PLA vs. ARMY. The Korean band BTS, one of the world’s most popular pop groups, was attacked this week in Chinese media for accepting the James A. Van Fleet Award for improving U.S.-South Korea relations, with a speech that supposedly offended Chinese feelings. There was no mention of China in the speech, though BTS did say, “We will always remember the history of pain that our two nations shared together and the sacrifices of countless men and women”—a reference to the Korean War that was apparently sufficient to trigger Chinese nationalists online.

Ads featuring BTS promptly disappeared online in China. Meanwhile, the BTS fandom—known as ARMY—besieged Chinese media. They may be the latest recruits to the “Milk Tea Alliance,” a cross-national group of East Asians who resent China’s aggressive online nationalism.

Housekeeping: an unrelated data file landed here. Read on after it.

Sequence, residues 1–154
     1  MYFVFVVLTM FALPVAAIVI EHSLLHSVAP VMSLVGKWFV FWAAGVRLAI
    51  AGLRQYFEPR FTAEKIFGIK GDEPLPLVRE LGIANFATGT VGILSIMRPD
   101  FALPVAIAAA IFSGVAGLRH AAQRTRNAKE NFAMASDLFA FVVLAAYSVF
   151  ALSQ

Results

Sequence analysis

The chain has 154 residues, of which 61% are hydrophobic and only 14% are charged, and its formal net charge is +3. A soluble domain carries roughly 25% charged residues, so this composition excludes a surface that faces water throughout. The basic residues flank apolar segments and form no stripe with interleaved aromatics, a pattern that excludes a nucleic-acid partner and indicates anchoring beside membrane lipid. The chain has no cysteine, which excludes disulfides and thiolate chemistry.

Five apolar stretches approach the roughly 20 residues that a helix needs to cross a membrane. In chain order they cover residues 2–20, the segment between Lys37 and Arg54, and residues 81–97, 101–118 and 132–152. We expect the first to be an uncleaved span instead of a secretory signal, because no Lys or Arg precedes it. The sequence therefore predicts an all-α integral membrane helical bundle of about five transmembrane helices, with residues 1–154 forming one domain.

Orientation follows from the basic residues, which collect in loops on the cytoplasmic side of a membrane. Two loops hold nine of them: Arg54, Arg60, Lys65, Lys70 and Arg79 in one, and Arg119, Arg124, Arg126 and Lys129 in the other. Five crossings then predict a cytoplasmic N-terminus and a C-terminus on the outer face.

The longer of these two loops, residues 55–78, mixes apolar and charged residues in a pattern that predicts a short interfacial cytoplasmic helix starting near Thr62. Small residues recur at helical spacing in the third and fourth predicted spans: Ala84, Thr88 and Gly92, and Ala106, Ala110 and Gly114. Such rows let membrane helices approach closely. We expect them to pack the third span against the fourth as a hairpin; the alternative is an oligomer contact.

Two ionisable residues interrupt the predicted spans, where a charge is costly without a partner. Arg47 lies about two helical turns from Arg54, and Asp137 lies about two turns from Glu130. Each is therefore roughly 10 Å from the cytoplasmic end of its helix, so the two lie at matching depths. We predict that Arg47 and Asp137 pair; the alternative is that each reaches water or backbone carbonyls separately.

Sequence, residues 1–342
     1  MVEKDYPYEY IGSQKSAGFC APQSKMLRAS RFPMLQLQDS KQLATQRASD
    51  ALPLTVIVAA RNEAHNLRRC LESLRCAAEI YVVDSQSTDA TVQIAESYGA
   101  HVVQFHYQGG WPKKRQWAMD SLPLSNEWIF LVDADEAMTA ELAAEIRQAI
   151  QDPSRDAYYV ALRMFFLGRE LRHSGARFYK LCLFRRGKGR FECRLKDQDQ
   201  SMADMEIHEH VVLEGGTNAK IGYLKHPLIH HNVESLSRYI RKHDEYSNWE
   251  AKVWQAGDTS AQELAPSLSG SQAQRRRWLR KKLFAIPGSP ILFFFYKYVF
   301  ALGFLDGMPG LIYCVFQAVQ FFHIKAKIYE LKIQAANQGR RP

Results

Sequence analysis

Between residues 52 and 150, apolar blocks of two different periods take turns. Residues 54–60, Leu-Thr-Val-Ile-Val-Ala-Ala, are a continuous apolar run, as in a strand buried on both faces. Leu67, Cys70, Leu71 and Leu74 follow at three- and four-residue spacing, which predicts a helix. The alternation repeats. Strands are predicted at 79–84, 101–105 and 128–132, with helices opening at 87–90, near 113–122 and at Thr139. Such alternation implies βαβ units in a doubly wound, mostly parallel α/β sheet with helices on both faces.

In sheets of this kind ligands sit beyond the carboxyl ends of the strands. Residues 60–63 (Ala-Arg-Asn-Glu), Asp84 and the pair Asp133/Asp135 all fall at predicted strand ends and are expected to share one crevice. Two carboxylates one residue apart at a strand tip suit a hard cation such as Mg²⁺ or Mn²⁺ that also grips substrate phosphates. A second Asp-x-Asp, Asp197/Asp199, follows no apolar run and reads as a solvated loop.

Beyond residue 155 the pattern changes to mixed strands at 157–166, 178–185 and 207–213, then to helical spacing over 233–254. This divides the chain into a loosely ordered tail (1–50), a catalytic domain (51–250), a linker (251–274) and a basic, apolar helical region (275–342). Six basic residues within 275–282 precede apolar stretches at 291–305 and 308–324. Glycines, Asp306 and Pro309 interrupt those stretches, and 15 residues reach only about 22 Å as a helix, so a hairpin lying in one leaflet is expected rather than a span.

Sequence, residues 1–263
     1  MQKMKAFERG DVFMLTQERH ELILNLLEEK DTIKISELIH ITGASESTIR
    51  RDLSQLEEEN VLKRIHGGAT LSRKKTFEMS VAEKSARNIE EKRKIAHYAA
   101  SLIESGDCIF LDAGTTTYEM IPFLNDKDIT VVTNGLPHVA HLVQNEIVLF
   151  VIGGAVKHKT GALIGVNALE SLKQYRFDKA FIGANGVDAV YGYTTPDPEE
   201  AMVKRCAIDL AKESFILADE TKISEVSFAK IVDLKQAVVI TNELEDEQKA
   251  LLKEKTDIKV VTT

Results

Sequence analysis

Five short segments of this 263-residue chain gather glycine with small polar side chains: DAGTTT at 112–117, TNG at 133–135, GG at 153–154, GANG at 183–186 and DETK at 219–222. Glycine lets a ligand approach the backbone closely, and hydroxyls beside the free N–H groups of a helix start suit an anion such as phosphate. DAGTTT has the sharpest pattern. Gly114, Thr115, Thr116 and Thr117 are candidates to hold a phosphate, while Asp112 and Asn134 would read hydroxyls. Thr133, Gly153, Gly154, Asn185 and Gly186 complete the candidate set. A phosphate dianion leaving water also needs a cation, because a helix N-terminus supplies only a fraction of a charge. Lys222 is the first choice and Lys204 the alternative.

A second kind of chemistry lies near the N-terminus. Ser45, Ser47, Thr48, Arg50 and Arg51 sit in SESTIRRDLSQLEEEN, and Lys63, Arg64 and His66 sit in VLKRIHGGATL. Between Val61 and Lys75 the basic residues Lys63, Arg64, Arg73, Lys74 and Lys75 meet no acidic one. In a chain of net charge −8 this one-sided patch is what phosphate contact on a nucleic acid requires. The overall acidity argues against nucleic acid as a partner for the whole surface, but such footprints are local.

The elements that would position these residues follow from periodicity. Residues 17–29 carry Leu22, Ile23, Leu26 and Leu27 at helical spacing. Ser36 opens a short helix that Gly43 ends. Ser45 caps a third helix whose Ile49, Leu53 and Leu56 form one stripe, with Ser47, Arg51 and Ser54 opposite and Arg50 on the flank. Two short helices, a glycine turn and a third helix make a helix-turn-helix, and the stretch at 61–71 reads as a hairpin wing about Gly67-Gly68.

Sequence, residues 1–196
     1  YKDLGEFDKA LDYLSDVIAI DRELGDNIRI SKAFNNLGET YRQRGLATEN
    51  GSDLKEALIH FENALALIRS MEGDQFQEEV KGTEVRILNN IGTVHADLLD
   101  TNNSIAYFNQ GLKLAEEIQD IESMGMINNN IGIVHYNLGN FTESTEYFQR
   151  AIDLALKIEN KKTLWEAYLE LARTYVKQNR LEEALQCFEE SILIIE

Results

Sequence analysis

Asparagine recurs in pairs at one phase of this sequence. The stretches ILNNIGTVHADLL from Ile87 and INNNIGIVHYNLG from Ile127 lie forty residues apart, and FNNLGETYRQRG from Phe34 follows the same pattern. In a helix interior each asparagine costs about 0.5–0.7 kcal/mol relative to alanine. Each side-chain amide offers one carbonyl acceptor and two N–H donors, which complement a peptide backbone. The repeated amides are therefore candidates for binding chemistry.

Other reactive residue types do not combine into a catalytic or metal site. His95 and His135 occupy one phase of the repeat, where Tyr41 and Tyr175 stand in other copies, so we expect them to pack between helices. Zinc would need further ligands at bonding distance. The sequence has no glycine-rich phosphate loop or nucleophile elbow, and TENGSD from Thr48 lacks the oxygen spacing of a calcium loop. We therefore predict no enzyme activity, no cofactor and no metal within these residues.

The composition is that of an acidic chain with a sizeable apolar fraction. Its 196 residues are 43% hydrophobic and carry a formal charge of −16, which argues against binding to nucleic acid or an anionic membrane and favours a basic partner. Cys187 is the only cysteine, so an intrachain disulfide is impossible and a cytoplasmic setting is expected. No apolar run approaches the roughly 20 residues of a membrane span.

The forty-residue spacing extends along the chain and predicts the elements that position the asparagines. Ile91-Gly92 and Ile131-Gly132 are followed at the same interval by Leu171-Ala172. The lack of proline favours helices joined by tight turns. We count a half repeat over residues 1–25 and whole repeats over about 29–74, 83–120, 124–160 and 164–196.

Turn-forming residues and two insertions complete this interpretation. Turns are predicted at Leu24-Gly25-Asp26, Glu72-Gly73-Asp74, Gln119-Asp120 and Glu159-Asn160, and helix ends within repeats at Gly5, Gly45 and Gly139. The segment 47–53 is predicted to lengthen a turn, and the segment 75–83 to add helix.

Tech and Business

The Shenzhen model. Xi’s speech on Wednesday in Shenzhen, the southern Chinese manufacturing giant that borders Hong Kong, reaffirmed the new CCP line on the economy: a focus on domestic consumption and Chinese innovation—and nervousness about the international scene. It’s a tricky message in Shenzhen, a city that is often pitched as an alternative to Hong Kong, despite lacking the same transparency.

With the pillars of Hong Kong’s prosperity looking shaky, Shenzhen may be appealing to international firms that still want to stay in China—under Beijing’s new rules.

New money. A fascinating report from the Australian Strategic Policy Institute lays out China’s electronic currency plans and their implications for business. While it is only in the early stages, Beijing has long harbored ambitions of shaping the global order through currency power, as the United States did with the dollar.

When I spoke to one of the architects of China’s financial monitoring, the professor Shi Yong, back in 2013, he also highlighted the power of surveillance in electronic transactions for, as he saw it, benevolent ends such as fighting corruption.